The Mathematical Mesh [I-D.hallambaker-mesh-architecture] is an infrastructure that is designed to resolve fingerprints to policy. But it is not necessarily the case that an entirely new infrastructure is required. The Mesh architecture was conceived as a means of achieving resolution of a SIN at a very granular level. In the Mesh, every user is their own personal root of trust and decides which resources and trust providers to delegate decisions to.

For cases in which we do not require resolution of security policy with resolution finer than a DNS domain, the DNS may be used for resolution using the existing CERT record [RFC4398]

2.2. Implicit Security Policy

A security policy may be implicit or explicit depending on the root of trust referenced and the context in which it is used.

Since many Internet applications are already designed to make use of a PKIX based trust infrastructure, the fingerprint of a PKIX root of trust provides sufficient information to deduce an appropriate security policy in many instances. For example:

Connect to using a TLS connection with a certificate that is valid in a chain of trust that contains a certificate with the fingerprint mb2gk.
Connect to the IMAP server over a TLS connection with a certificate that is valid in a chain of trust that contains a certificate with the fingerprint mb2gk.
Encrypt mail messages using S​/​MIME using an S​/​MIME certificate that is valid in a chain of trust that contains a certificate with the fingerprint mb2gk.

2.3. Explicit Security Policy

While the implicit security policy model is sufficient for some purposes, it is less than ideal. An explicit security policy language permits much more detailed policy descriptions and links to resources that allow the policy to be realized.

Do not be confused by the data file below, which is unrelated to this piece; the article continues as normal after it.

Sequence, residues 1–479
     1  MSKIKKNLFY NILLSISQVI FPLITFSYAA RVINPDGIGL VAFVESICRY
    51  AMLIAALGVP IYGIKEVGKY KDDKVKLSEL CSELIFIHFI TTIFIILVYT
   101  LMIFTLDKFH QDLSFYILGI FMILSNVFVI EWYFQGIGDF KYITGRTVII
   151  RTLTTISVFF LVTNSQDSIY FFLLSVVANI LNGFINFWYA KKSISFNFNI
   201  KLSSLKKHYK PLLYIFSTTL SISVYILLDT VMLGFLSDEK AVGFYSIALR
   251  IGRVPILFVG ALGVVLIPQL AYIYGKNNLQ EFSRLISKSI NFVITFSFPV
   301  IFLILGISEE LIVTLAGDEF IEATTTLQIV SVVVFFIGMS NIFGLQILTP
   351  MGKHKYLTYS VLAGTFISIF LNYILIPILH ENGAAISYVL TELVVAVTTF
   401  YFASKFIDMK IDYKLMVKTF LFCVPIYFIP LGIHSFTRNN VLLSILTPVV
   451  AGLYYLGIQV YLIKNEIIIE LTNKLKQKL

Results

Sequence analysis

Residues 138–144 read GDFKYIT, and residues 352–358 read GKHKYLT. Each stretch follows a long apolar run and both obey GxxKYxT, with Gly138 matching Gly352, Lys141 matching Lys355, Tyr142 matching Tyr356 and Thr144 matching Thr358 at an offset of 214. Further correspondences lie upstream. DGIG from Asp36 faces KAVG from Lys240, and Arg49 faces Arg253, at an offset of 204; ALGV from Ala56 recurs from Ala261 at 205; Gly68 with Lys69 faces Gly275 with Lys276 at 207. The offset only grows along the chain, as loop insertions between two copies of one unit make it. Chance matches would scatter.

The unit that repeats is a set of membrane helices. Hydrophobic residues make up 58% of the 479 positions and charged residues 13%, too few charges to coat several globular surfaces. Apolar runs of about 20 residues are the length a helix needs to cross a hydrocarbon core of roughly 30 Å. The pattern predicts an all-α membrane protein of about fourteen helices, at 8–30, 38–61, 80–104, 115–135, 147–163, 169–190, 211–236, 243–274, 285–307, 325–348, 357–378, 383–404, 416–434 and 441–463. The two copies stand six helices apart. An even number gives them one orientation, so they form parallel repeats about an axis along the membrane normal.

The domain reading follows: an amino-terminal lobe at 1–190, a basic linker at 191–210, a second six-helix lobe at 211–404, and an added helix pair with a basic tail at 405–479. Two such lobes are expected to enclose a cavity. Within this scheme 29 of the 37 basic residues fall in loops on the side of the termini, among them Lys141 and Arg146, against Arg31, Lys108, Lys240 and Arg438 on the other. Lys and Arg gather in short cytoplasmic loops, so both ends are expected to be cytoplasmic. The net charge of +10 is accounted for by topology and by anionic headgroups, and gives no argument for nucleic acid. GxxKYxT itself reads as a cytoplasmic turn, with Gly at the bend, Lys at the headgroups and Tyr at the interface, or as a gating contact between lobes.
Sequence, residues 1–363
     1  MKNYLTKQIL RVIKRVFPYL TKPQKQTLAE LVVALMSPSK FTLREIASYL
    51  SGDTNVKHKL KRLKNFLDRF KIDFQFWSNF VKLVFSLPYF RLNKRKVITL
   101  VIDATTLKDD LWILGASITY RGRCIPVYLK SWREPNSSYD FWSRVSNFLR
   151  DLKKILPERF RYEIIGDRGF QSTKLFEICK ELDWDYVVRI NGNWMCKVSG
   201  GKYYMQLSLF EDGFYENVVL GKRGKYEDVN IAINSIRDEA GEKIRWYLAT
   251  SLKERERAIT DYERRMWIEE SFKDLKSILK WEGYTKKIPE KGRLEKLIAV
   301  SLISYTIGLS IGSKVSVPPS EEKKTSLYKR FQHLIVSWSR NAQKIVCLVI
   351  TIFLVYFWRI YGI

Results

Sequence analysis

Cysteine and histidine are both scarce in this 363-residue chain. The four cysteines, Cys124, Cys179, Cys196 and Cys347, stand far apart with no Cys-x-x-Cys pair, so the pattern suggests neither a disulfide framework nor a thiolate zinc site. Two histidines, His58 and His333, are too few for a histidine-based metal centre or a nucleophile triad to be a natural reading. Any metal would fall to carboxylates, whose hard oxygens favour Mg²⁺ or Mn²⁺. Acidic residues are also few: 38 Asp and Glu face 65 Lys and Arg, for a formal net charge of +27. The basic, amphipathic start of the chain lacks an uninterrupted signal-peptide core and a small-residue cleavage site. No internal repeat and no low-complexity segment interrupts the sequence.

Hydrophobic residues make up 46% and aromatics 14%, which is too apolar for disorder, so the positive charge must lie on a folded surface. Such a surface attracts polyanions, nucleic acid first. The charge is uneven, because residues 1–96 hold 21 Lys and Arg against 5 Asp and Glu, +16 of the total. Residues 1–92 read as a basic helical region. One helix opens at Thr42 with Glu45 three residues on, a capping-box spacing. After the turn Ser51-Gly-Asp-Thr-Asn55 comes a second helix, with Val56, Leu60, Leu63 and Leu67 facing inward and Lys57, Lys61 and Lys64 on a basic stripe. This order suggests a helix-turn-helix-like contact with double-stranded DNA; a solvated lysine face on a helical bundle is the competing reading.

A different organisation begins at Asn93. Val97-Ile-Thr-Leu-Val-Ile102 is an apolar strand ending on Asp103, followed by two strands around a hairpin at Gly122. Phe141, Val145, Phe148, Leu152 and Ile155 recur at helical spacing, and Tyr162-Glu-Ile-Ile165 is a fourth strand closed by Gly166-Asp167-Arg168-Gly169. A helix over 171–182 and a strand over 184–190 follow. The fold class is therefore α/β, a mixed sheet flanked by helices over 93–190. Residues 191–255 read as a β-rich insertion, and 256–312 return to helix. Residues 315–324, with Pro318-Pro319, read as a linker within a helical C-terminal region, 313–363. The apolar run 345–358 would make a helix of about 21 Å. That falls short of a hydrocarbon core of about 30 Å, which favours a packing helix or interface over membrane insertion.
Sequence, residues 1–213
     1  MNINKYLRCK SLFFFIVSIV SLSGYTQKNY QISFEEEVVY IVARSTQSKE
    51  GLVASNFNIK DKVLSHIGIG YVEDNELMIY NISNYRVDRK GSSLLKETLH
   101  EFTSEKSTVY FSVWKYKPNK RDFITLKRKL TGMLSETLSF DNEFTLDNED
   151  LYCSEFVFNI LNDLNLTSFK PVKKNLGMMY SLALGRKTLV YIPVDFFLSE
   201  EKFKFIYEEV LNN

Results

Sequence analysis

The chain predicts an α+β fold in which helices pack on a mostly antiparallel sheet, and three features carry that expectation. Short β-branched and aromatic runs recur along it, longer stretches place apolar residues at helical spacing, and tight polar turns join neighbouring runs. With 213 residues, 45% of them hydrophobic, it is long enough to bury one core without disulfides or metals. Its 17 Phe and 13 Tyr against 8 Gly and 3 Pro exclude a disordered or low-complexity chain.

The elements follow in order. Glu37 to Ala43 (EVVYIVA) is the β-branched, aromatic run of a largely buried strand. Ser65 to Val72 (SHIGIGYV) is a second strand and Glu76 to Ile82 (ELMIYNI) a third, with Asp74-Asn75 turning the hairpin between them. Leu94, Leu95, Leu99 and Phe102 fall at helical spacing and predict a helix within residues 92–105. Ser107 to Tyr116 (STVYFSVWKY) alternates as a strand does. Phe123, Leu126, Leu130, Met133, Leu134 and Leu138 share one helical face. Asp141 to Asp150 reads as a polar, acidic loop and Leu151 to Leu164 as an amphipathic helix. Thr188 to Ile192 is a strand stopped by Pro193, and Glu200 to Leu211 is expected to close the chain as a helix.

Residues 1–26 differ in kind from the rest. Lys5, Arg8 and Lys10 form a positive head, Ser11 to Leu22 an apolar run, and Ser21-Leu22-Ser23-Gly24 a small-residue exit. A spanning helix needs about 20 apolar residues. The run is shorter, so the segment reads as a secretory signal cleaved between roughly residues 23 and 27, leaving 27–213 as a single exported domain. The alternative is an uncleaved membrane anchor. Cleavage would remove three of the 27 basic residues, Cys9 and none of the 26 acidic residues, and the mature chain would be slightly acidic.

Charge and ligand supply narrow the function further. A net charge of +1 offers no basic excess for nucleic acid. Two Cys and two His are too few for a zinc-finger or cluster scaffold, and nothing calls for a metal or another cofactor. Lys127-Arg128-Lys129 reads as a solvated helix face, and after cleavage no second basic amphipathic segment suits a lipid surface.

A comprehensive security policy for Example Inc. should contain:

Security policy may also be specified for particular applications. For example, an email security policy for an individual user might specify:

It is very likely that to mitigate abuse a user would specify separate security policies for known and unknown senders so that use of end-to-end messaging, transfer of executable attachments, etc. are restricted to authorized senders.

One option for expressing explicit security policy is to encode the information in the DNS. Another, likely to be more satisfactory is to design a language for describing security policy.

3. Specification

The specification consists of three parts, the description of the fingerprint format itself, the means of encoding fingerprints within DNS names and the means of describing the security policy.

3.1. The UDF Format

The Uniform Data Fingerprint (UDF) format was designed to provide common format for representing fingerprints of data objects formed using a cryptographic digest function such as SHA-2 that was easier on the eye than existing URI schemes such as ni. A UDF fingerprint is formed using Base32 with optional digit separators to improve readability. The following is an example of a UDF:


Unlike traditional fingerprints calculated from the digest of the data itself, a UDF is a strong function of both the referenced data and the IANA content type.

Fingerprint = <Version-ID> + H (<Content-ID> + ':' + H (<Data>))

This approach provides semantic separation between domains. This is necessary to defeat substitution attacks such as presenting an artfully constructed PKIX certificate in a context where a JSON data structure is expected.